One is not likely to run into an Aleutian Tern (code 2) unless you are in the Aleutian Islands…..or at Headquarters Lake in the Kenai National Wildlife Refuge, 150 miles south of Anchorage. I received a tip that these maritime feeders had recently taken up residence on a small inland lake; a presumed lay-up! Since I had a free day before my Pribilof Islands adventure, I drove down the scenic Kenai Hiway, filled with optimism.
Upon arriving at the tiny observation platform, I was more than disappointed to see a huge lake void of avians. Where were the terns? In the distance I could see birds flying over what turned out to be a floating bog-island, but the smoke from a growing wildfire was beginning to erase the blue sky and cast a large shadow.
I hustled back to Headquarters and convinced a very friendly refuge field person (Toby) to bring his 60x magnification scope to the viewing area. We were able to positively identify a couple of Aleutian Terns but what about photos? I couldn’t write this blog without proof of #700! Toby discouraged any thoughts about using a yet-to-be located form of water transport (1. it was illegal for visitors and 2. the lake was off-limits for even Refuge personnel, as it needed to be a clear landing area for the increasing number of firefighting seaplanes) and headed back towards his office.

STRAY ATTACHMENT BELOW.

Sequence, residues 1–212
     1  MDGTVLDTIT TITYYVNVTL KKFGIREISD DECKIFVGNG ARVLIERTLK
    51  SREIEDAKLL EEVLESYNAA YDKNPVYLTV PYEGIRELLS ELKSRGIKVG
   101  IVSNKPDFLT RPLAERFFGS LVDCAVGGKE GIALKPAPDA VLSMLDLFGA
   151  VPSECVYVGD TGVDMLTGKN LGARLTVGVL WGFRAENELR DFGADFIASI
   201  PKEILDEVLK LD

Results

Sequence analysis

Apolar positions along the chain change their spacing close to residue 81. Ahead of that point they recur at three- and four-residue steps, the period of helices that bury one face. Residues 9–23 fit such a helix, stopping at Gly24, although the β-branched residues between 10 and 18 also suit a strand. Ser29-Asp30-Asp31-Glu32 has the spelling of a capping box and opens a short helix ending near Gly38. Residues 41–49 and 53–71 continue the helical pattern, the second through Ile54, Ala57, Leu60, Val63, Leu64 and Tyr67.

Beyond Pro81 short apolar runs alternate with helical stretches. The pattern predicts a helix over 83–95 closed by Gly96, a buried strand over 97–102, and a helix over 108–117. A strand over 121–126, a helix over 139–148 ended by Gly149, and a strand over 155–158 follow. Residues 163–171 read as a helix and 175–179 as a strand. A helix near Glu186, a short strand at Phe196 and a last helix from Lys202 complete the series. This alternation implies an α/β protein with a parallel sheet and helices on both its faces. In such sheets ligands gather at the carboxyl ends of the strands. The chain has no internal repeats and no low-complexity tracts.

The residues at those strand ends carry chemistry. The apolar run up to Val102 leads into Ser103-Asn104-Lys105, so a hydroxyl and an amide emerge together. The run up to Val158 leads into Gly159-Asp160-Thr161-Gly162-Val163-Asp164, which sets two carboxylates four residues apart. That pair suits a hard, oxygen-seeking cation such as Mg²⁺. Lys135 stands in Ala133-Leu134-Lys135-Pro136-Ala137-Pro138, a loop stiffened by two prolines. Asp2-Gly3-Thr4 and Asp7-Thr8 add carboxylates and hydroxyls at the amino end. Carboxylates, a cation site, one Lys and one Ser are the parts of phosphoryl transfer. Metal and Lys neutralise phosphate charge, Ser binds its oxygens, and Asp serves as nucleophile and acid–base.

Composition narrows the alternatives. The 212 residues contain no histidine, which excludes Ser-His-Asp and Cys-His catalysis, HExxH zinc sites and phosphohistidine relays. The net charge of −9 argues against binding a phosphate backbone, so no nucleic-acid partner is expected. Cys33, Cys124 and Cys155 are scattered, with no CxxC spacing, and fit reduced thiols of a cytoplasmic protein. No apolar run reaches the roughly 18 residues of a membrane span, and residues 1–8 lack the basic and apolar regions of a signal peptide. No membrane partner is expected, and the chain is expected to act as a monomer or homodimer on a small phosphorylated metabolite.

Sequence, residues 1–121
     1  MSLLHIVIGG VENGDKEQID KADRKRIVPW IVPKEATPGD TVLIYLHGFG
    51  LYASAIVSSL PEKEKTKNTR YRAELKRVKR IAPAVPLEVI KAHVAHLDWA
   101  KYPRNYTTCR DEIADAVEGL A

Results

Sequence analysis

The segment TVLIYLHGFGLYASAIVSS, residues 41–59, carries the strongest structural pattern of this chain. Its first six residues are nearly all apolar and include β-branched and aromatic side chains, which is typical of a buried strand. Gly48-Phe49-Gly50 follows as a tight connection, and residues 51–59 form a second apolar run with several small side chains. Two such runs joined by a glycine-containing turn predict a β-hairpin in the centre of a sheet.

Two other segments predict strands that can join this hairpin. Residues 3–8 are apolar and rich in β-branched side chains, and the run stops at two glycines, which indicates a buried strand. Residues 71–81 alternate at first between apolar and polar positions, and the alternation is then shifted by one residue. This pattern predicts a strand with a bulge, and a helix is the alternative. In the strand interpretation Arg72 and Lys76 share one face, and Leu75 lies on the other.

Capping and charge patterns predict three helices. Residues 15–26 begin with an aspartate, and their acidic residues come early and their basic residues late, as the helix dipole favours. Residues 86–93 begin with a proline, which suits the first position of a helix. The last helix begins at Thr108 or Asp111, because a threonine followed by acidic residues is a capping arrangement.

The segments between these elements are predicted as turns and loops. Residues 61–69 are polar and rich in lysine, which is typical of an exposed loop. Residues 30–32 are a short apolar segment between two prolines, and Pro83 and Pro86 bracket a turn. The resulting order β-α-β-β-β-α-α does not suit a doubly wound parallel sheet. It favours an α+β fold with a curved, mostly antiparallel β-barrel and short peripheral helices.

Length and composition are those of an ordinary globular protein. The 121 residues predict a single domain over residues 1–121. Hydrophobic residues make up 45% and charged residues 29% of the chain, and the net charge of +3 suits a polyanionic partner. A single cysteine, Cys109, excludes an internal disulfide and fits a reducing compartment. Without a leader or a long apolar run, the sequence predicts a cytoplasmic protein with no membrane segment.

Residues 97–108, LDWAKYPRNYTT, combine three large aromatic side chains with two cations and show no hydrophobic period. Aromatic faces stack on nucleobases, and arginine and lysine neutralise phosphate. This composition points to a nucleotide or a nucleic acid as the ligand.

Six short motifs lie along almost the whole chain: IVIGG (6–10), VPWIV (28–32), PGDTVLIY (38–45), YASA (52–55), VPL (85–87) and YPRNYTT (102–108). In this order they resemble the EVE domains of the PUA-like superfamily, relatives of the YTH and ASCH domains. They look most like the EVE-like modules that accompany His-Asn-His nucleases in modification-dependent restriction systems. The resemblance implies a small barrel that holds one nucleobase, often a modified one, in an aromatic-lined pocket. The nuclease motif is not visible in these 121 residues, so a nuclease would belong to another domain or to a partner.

As I paced the shore wishing for an impossible Aleutian Tern fly-by, I noticed an upside down canoe in an enclosure. I hesitated, but quickly made the right decision for me and somehow scaled the ten foot fence without busting my optic equipment or my leg. The canoe’s midriff contained two paddles and a life preserver! At least I would appear legal in someone’s eyes if I was run over by a seaplane or swamped by the heretofore unnoticed lake swells. Within thirty minutes I was positioned next to the floating bog-island and I clicked away hoping to catch a decent shot. Note: the white forehead is the key, distinguishing field mark. And yes, those two birds are “pairing up”.
Thank YOU all for your interest and encouragement! Writing this blog has been gratifying and enjoyable. Of course, I won’t stop birding just because I’ve reached 700. There is a code 3 Tundra Bean-Goose on the Pribilofs right now! How does a round number of 750 sound?